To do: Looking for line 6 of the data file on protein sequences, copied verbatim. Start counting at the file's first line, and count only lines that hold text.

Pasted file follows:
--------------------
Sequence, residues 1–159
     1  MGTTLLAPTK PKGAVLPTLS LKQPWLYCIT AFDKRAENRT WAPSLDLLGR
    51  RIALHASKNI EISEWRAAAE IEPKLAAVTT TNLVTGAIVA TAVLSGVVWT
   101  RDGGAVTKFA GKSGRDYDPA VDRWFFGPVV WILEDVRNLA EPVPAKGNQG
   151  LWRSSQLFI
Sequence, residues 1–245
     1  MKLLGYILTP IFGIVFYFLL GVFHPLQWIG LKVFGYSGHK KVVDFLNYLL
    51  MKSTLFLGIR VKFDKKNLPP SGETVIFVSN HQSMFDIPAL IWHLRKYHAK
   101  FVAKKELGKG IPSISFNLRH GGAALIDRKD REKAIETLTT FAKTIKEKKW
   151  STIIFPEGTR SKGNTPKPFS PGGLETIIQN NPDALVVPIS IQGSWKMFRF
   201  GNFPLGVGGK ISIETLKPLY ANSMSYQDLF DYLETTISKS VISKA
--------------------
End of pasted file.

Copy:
Sequence, residues 1–245